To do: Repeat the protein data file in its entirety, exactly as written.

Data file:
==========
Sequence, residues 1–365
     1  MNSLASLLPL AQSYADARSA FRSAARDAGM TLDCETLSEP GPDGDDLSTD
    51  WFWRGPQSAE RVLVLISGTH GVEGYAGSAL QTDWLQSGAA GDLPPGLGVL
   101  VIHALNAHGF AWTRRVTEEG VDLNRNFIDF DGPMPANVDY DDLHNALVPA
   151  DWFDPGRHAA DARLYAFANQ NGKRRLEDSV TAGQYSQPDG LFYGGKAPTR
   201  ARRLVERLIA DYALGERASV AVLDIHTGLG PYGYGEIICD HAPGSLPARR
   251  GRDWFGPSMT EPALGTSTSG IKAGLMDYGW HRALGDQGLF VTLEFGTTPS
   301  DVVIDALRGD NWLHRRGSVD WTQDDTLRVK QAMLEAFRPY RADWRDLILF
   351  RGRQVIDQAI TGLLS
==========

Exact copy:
Sequence, residues 1–365
     1  MNSLASLLPL AQSYADARSA FRSAARDAGM TLDCETLSEP GPDGDDLSTD
    51  WFWRGPQSAE RVLVLISGTH GVEGYAGSAL QTDWLQSGAA GDLPPGLGVL
   101  VIHALNAHGF AWTRRVTEEG VDLNRNFIDF DGPMPANVDY DDLHNALVPA
   151  DWFDPGRHAA DARLYAFANQ NGKRRLEDSV TAGQYSQPDG LFYGGKAPTR
   201  ARRLVERLIA DYALGERASV AVLDIHTGLG PYGYGEIICD HAPGSLPARR
   251  GRDWFGPSMT EPALGTSTSG IKAGLMDYGW HRALGDQGLF VTLEFGTTPS
   301  DVVIDALRGD NWLHRRGSVD WTQDDTLRVK QAMLEAFRPY RADWRDLILF
   351  RGRQVIDQAI TGLLS